No significant effect was observed in either the mortality (control = 1.7; TM = 1.7) or the hatchability (control = 85.71; TM = 83.02) rates between the control and TM groups. However, TM led to significantly lower cloacal temperatures (TC
) on PD 1 and 37 and to higher body weights (BW) on PD 37. However, no significant change was observed in hatchling BW (Table 2
3.2. Effect of Post-Hatch Heat Stress on Physiological Parameters of Thermally Manipulated Broilers
illustrates the effects of heat stress for 7 days (PD 28 to 35) on TC
, BW, and BW gain in the controls and TM broiler chickens. TM significantly decreased the mortality rate during post-hatch heat exposure (control = 12%; TM = 8%). Moreover, heat stress significantly increased the TC
in both groups, but the TC
of controls was significantly higher compared to TM chicks. On day 0 (PD 28) of heat stress, the BW of the TM group was significantly higher than that in controls. Similarly, the BW of controls was significantly lower compared to TM chicks on day 7 (PD 35) of heat stress, but the subgroups exposed to heat stress possessed significantly lower BW and BW gain compared to those exposed to normal conditions.
3.3. Effect of Post-Hatch Heat Stress on Antioxidant Enzyme mRNA Levels in Thermally Manipulated Broilers
represents the effects of heat stress on the hepatic and splenic mRNA levels of certain antioxidant enzymes in broiler chicks subjected to embryonic TM. Tables S1 and S2
includes the mRNA levels of the same antioxidant genes for broiler chicks (TM and controls) not exposed to heat stress during the same timeframe.
Catalase. On day 0 (PD 28) of heat stress, TM led to significantly lower catalase mRNA levels in the liver. In the control group, the hepatic mRNA levels of catalase were significantly higher after 5 (PD 33) and 7 (PD 35) days of heat stress compared to day 0, while, in the TM group, the level was significantly higher only after 1 day (PD 29) of heat exposure. The hepatic catalase mRNA level was significantly lower in TM chicks compared to controls after 5 (PD 33) and 7 (PD 35) days of heat stress.
The splenic mRNA level of catalase was not significantly different between TM and control chicks on day 0 (PD 28) of heat stress. However, the level was significantly lower in TM chicks compared to controls after 1 (PD 29) and 7 (PD 35) days of heat stress. Within the control group, the splenic mRNA level of catalase was significantly higher after 1 (PD 29), 5 (PD 33), and 7 (PD 35) days of heat exposure compared to day 0 (PD 28), whereas, in the TM group, the splenic mRNA level of catalase was significantly higher after 3 (PD 31) and 5 (PD 33) days (vs. day 0 (PD 28)).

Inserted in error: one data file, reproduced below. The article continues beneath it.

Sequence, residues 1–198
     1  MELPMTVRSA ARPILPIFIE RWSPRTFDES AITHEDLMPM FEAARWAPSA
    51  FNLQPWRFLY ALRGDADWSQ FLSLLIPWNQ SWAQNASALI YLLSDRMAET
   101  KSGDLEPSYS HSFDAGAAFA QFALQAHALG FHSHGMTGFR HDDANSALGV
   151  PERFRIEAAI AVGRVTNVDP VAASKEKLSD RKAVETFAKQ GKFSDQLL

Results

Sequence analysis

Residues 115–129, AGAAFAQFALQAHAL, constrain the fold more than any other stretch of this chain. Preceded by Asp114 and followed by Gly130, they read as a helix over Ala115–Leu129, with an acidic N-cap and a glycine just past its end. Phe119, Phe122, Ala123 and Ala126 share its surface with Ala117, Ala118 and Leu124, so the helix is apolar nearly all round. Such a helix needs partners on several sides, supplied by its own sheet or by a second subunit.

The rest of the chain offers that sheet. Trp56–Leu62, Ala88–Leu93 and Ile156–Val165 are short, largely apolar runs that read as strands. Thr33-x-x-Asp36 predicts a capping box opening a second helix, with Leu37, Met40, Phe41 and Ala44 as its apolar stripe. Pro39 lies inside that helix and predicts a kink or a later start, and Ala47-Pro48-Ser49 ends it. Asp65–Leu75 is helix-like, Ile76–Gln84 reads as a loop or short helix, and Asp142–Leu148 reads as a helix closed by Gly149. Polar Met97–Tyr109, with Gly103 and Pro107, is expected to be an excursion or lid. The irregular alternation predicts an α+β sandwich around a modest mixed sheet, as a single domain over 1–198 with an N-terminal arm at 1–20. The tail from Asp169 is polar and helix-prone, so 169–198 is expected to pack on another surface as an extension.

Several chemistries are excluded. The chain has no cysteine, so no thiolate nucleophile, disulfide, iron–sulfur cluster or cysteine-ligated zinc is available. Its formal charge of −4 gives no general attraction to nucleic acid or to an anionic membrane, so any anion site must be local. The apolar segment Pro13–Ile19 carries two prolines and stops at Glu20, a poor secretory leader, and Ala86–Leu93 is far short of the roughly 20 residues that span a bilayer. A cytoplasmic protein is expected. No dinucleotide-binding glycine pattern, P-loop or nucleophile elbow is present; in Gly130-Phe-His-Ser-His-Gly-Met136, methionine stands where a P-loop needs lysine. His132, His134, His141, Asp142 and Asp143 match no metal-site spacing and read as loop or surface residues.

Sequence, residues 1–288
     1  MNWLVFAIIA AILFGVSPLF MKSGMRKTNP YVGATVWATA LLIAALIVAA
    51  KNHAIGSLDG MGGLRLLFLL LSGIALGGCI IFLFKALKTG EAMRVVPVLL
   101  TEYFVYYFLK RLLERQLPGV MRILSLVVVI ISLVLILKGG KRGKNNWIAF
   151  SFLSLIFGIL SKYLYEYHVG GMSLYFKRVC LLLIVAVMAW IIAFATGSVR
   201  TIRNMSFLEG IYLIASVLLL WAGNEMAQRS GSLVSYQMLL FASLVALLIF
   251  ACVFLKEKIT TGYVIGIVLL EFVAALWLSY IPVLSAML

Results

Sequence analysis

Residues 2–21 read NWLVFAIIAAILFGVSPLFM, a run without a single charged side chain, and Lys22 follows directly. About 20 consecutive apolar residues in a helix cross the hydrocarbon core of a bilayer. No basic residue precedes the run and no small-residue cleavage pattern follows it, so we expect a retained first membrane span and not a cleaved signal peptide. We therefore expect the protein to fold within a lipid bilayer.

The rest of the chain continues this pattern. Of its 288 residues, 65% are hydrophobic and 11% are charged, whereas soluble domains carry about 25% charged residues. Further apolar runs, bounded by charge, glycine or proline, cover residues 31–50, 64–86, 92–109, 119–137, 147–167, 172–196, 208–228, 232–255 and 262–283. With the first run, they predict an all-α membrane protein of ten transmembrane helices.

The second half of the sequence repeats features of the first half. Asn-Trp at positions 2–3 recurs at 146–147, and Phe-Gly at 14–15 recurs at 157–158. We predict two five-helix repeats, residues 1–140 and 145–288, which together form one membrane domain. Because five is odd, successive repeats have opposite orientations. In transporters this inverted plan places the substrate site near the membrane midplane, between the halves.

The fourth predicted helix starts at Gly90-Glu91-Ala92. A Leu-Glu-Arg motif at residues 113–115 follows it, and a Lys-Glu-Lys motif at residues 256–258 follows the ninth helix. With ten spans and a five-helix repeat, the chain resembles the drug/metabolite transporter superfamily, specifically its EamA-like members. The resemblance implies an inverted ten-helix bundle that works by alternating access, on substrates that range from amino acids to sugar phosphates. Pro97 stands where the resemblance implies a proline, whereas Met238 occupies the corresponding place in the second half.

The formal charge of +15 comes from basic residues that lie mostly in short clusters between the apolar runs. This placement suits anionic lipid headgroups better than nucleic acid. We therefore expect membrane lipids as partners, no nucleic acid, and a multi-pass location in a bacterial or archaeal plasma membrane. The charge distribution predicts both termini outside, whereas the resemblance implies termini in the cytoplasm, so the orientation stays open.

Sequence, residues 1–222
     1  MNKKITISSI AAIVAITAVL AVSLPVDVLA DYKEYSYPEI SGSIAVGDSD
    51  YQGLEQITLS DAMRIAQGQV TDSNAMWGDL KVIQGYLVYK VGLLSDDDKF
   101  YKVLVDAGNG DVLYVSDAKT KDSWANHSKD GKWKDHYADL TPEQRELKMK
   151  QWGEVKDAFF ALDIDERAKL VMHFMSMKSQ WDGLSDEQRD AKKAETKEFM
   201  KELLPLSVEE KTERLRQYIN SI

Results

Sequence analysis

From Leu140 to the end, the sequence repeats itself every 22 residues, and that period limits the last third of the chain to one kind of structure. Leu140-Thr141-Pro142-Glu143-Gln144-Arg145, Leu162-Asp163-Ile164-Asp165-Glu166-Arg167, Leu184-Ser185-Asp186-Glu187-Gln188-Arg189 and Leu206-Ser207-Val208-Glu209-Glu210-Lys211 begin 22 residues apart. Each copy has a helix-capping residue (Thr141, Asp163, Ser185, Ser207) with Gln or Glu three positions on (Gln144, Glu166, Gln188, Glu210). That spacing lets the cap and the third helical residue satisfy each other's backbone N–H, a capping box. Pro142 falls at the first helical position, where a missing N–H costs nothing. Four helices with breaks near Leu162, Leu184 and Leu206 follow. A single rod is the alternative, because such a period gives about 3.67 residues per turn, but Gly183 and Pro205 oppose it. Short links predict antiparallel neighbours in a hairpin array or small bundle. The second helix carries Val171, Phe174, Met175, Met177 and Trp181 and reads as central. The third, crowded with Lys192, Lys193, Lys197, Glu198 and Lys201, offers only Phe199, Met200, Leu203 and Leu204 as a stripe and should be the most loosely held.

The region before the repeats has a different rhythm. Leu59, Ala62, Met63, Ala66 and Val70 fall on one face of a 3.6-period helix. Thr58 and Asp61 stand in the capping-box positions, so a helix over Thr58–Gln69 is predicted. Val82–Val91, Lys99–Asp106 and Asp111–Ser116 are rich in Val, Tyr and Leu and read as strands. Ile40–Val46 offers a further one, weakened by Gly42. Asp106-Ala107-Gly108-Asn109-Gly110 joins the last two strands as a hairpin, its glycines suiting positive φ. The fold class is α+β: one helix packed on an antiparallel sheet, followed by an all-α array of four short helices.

NOX4. In the liver, the mRNA level of NOX4 was not significantly different between the TM and control groups on day 0 (PD 28) of heat stress. In contrast, the NOX4 mRNA level was significantly lower in TM chicks compared to controls after 3 (PD 31), 5 (PD 33), and 7 (PD 35) days of heat stress. Within the control group, the mRNA level was significantly increased after 3 (PD 31), 5 (PD 33), and 7 (PD 35) days of heat stress (vs. day 0 (PD 28)), but, in the TM group, the level did not significantly change during heat stress compared to day 0 (PD 28).
Similarly, the splenic mRNA level of NOX4 was not significantly different between TM and control chicks on day 0 (PD 28) of heat stress. However, the level was significantly lower in the TM group compared to controls after 5 days (PD 33) of heat stress. Within the control group, the mRNA level of NOX4 was significantly increased after 5 days (PD 33) of heat exposure in comparison with day 0 (PD 28), while in the TM group, the level did not significantly change during heat exposure in comparison with day 0 (PD 28).